What Is Is the Deal?

Two men talking to one another, word bubbles overlapping picture‘Round about the mid-1990s or so, I started to notice a peculiar phenomenon in the speech patterns of some English speakers.

It began happening more and more often, with an ever-increasing range of speakers. Now it’s a full-blown epidemic which appears to have infected every corner of our society. This is serious, folks, and Something Must Be Done, I tell you! (Or not.)

I speak of the “is is” construction.

Some Background

Standard English includes the verb “to be,” which we use in this common form:

[Some subject] is [some optional predicate].

In ordinary conversation, we almost always include the predicate; for example,

[My mother] is [smart] or
[Sandy] is [home] or
[That man] is [reading]. 

We can also use more complex subjects and predicates:

[The quick brown fox] is [a far better jumper than the lazy dog].
A cartoon describing the situation "A qui...

Image via Wikipedia

The subject can be any noun phrase that can have a state or engage in an action: My mother, Sandy, that man, the quick brown fox. Or it can take on some very complex constructions, like

[The quick brown fox that startled the man who
invited Sandy and my mother to a cookout] is [a good jumper]. 

Now the Setup. . .

It’s possible to construct a noun phrase that ends with the word “is”; for example, “what it is.” And hey presto, you can create a perfectly legitimate sentence containing “is is”:

[What it is] is [a new process].     (valid)

This noun phrase works because the “is” that it contains plays an essential part in the phrase. You can’t remove that first “is” and still have a sentence that makes sense (“what it” doesn’t constitute a noun phrase). This doesn’t work:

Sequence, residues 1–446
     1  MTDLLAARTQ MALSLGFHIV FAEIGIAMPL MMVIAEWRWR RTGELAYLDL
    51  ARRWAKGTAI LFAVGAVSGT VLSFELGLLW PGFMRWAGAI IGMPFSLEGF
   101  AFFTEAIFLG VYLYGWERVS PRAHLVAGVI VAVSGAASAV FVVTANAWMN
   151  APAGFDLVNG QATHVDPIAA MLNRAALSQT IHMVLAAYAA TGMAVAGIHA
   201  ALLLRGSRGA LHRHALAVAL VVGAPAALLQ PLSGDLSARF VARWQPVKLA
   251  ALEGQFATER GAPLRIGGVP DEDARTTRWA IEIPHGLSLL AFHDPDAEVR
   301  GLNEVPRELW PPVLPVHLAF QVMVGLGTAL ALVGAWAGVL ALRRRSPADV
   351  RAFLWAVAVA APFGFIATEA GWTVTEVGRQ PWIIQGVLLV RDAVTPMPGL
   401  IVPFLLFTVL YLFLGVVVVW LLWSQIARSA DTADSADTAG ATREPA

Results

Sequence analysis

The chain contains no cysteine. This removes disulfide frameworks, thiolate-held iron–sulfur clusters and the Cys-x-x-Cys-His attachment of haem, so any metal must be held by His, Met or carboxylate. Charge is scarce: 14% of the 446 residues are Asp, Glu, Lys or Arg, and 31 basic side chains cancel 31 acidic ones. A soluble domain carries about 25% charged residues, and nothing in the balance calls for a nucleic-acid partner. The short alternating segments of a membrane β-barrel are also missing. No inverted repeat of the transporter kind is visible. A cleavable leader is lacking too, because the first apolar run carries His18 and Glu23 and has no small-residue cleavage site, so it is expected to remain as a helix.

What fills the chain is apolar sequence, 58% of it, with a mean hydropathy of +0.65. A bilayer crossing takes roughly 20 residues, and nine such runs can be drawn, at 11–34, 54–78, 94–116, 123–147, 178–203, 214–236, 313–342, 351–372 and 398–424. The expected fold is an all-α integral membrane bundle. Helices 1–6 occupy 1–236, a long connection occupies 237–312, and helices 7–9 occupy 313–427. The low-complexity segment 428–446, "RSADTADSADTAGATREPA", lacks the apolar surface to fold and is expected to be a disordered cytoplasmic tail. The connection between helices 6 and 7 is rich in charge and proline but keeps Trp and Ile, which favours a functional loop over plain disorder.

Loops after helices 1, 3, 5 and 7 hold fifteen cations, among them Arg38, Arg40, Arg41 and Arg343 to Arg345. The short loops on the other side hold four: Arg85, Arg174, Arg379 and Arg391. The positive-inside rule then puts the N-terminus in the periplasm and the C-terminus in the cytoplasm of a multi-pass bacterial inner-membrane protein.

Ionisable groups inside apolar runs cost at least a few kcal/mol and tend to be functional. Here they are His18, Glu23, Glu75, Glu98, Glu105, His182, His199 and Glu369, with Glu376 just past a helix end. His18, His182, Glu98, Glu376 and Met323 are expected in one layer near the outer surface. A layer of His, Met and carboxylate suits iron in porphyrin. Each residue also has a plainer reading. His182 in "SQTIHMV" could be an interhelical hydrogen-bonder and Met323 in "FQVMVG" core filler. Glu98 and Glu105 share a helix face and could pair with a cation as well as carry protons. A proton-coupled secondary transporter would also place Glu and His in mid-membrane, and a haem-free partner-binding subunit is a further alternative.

[What it] is [a new process].     (not valid)

However, not just any phrase ending in “is” can be a valid noun phrase. In fact, I can think of only a few, such as “the lady who is” (as opposed to “the lady who isn’t”) something previously mentioned; say, an auctioneer. (“The lady who is is a fast talker.”) And variations on that theme. (Disclaimer: you can put anything in quotes to make it the subject of a sentence, and indeed this article does exactly that to discuss the parts of language, but I’m discounting that usage as specialized and beside the point.)

. . .and the Punch Line

Take the following sentence:

[Your cousin] is [a talented singer].     (valid)

“Your cousin” constitutes a noun phrase, but you can’t add an “is” to it. “Your cousin is is” doesn’t work:

[Your cousin is] is [a talented singer].     (not valid)

And yet, this non-valid “is is” construction is exactly the way that many people are now commonly speaking throughout the English-speaking world. It doesn’t seem to occur in written text, so I can only conclude that it’s a performance quirk of the spoken word, and that people don’t notice themselves doing it. It’s now so common that I hear it multiple times every day, from radio announcers, writers, news anchors, public officials, people whose professions demand good speaking skills.

Check out this excellent video: The “Is-is” Epidemic (Steve’s Grammatical Observations #1)

If you haven’t noticed this phenomenon, listen closely to radio and television interviews, and to your friends, family, teachers, and so on. Go on, I dare you. You’ll hear it. You’ll probably even catch yourself saying it:

“The thing is, is. . .”

a peculiar quirk in the speech patterns of some English speakers.

Posted on 16 September, 2010, in My Native Language and tagged , , , , , , . Bookmark the permalink. Leave a comment.

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